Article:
Upcoming Exhibit

Veni Vidi Video - Web-Banner

Curated by Sharon Balaban | Mar 9–May 18 | Free + open to the public

Veni, Vidi, Video Gallery Opening Reception + Curator Talk
Thu, Mar 9, 6:30–8:30 pm
The Laurie M. Tisch Gallery | 334 Amsterdam Avenue at 76th Street

About Veni, Vidi, Video

Artists: Sharon Balaban | Hilla Ben Ari | Dara Birnbaum | Shirley Clarke | Keren Cytter | Maya Deren | Hadassa Goldvicht | Mierle Laderman Ukeles | Hila Lulu Lin Farah Kufer Birim | Vivian Ostrovsky | Alix Pearlstein | Nira Pereg | Martha Rosler | Mika Rottenberg | Shelly Silver | Anita Thacher | Rona Yefman | Nevet Yitzhak

Taking its title from the declaration of masculine militancy and conquest attributed to Julius Caesar—Veni, Vidi, Vici (I Came, I Saw, I Conquered)—this exhibit highlights the role of Jewish female artists in shaping video art across many decades. It includes works from trailblazing American and Israeli artists and experimental filmmakers of the 1940s and 1950s and contemporary artists of the 1970s, through today’s works, which utilize new technologies and techniques.

In 1967, Sony introduced the Portapak, an easy-to-use video camera that required no crew, beginning a period of tremendous experimentation for artists. In the United States, and especially in New York City, women dominated the field of video art from early on and were vanguards of the second wave of feminism. In Israel, the 1990s were a turning point in the dominance of female video artists, and signified a larger “opening up” of Israeli art into the international art world.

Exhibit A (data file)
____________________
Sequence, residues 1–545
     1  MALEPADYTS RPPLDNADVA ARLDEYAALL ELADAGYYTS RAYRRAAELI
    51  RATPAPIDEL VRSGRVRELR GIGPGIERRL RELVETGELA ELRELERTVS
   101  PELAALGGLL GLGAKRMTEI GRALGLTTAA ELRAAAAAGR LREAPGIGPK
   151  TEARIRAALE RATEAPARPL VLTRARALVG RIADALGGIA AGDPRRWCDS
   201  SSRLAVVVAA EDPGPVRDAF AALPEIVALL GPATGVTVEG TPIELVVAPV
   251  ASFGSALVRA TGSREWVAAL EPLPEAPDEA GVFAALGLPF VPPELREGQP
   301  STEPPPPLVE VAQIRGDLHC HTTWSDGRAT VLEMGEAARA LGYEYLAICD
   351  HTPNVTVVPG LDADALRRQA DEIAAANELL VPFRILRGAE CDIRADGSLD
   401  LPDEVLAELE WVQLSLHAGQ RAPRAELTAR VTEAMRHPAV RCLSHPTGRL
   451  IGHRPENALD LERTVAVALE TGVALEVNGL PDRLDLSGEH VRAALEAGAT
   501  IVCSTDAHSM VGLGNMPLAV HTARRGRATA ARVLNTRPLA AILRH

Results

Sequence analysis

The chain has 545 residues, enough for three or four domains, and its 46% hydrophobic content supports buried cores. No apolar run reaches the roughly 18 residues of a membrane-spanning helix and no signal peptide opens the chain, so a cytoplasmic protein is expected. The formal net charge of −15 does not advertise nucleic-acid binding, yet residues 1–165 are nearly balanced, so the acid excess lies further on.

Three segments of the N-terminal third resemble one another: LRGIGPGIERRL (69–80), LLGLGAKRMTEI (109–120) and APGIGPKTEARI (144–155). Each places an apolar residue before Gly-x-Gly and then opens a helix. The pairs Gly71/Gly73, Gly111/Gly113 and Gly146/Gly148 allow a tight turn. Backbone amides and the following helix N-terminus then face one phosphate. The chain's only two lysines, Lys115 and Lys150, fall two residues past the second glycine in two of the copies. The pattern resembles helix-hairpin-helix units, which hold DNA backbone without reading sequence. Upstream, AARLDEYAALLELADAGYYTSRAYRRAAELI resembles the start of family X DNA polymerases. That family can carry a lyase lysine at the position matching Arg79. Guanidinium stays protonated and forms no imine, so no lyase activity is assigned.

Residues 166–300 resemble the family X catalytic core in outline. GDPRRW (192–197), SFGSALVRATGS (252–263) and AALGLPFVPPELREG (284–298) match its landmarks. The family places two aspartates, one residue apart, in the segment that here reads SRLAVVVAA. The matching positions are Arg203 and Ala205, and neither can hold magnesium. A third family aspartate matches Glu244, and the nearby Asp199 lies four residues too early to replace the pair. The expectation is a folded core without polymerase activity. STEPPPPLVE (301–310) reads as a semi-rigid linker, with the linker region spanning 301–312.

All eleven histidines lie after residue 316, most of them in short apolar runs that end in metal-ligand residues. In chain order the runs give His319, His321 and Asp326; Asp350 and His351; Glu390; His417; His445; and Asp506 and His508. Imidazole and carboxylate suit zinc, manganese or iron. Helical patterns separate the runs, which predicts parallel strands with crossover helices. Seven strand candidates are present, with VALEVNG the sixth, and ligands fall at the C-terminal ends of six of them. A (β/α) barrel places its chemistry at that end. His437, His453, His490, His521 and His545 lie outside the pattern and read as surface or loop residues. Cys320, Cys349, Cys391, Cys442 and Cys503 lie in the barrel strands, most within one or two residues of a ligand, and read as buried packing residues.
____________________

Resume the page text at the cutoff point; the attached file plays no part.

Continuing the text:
Videos by 18 artists from these two counties explore the themes of human rights, gender, and social dynamics. Female artists have long used video technology to explore what it means to be female in a patriarchal society. The camera allows them to subvert social conventions and deconstruct cultural apparatuses and narratives, manipulating viewers’ expectations of what to expect from “moving images.”

Exploring work from a range of decades, Veni, Vidi, Video showcases the development of technology and its infiltration into the art and the everyday fabric of our society. These timeless videos remain relevant and continue to make their audience think and feel.

Gallery exhibits and programs are made possible with the generous support of the Laurie M. Tisch Illumination Fund. Additional support is provided by the New York City Department of Cultural Affairs in partnership with the City Council and the generosity of individual donors.

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Questions? Send us an email.